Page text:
The power of narrative and role of storytelling in business


The Fast Company Impact Council, an invitation-only group of corporate leaders, entrepreneurial founders, and other leaders from across industries, gathered on June 30 to share their insights. Members split into small groups, moderated by Fast Company editors, and shared their perspectives on how they are managing and innovating amid a trio of crises: the global pandemic, the economic slowdown, and calls for social justice in the wake of the killings of George Floyd, Breonna Taylor, and Ahmaud Arbery.

In this roundtable discussion, led by senior editor Amy Farley, top executives talked about how companies build narratives that can resonate with consumers and with employees, and how the role of authentic storytelling and honest communication will be a key tenet of business in the decades to come. Participants in this session, in no particular order, were the executive director of MIT Media Lab Deb Roy, Esri CMO Marianna Kantor, Integral Ad Science CEO Lisa Utzschneider, Nextdoor’s head of marketing Maryam Banikarim, McKinsey partner lead on media and tech teams Jonathan Dunn, and cofounder and chief strategy officer of Good Money Andrew Masanto.

Deb Roy: We’re getting good at casting shadows and having machines that can make out contours or shapes of narratives at different scales, and then putting those two together and understanding (and predicting in some cases) how particular audience segments may respond to different forms of narratives, and different choices—all the way down to specific words and phrases that are chosen, all the way up to the emotional contours of an entire video sequences.

One example is leveraging found data. We’ve been doing a lot of work with Twitter, both the fire hose of hundreds of millions of tweets per day and also the network structure, which lets us understand how people are connected. We’ve actually invested a

This new program wants to prepare teens for careers in STEM via science and storytelling


A new program is looking to prepare teens for careers in STEM.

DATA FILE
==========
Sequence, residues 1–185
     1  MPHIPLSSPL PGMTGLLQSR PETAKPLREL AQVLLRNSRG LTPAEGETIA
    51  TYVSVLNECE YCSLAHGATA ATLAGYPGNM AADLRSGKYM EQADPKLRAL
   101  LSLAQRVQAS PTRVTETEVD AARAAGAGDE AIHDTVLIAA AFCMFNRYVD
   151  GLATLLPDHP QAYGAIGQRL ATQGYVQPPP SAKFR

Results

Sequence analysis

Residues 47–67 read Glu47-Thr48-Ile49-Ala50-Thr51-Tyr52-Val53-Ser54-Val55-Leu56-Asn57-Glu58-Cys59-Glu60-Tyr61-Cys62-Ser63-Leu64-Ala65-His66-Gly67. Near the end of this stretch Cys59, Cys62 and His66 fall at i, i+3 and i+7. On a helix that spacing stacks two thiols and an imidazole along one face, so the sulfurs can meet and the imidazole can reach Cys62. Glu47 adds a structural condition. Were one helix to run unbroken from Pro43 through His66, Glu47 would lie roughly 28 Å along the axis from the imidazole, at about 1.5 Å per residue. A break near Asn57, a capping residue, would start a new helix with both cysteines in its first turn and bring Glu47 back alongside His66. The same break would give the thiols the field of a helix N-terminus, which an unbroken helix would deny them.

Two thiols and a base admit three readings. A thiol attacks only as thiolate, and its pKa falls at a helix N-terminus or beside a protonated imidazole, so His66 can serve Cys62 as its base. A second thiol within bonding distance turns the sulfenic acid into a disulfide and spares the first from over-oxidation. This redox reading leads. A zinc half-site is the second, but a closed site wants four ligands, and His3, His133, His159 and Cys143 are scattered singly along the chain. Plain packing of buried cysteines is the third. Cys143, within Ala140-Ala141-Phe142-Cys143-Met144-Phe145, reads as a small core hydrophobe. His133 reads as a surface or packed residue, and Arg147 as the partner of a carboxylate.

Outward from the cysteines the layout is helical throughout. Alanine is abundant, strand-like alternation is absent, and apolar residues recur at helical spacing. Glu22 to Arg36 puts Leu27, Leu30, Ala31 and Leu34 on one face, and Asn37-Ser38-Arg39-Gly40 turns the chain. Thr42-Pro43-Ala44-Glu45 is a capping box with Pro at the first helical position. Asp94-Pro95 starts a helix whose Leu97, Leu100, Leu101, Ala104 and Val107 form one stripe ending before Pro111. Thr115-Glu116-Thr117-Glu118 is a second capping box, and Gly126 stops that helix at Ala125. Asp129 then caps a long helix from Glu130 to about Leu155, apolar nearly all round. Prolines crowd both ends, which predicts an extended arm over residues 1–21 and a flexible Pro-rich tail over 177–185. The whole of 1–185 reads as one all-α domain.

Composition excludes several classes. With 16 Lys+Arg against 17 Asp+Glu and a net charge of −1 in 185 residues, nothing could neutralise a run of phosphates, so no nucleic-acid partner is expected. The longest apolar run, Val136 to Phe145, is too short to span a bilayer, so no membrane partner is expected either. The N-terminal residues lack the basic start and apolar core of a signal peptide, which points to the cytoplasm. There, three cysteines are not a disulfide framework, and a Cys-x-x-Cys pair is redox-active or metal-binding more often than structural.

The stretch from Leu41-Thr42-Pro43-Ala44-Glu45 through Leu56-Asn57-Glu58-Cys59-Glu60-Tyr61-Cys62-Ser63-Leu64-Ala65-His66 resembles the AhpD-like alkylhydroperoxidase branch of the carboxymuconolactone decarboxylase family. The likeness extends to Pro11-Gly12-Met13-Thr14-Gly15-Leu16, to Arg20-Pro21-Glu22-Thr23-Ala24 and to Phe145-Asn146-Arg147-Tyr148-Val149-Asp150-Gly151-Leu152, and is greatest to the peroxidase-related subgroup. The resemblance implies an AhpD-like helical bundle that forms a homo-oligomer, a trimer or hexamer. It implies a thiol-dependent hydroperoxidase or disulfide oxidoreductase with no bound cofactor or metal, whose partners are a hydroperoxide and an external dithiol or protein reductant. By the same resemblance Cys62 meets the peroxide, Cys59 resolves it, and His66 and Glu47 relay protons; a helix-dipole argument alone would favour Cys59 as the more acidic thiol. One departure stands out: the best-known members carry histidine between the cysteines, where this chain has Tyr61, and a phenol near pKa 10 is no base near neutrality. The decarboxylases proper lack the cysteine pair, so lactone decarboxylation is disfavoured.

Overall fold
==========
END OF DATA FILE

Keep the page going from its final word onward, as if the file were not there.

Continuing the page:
Rockville, Maryland-based technology and engineering solution provider Acquired Data Solutions (ADS) partnered with Edge of Yesterday Media (EOY Media), a teen time travel novel series curator, to launch the MASTERY program, a virtual learning program teaching young people tech skills via an interactive platform. MASTERY is an acronym that highlights essential skills and topics: mindset, arts, storytelling, technology, economy, economy, reflection and you.

The companies partnered to launch MASTERY following this past summer’s On-Ramps to Careers internship program when they discovered their shared passion for working with young adults preparing to transition from high school to college and eventually full-time jobs, per a press release. ADS hosted 40 students for the internship program and developed a curriculum based on concepts like technology, economics, arts, marketing and socializing for successful career paths.

During the MASTERY program, ADS will bring its engineering expertise to design thinking and building while EOY Media will use storytelling as a vehicle for meaningful learning.

“Now more than ever, it is essential to revitalize our learning process with the hope that the next generation will emerge from this historic pandemic era stronger, more compassionate, and more grounded than before,” said ADS President Steven Seiden in a statement. “The MASTERY program comes at an opportune time when many school plans are up in the air and unclear, to provide parents with a learning approach based in science and story-telling to add substance and sustainability to their children’s educational experiences.”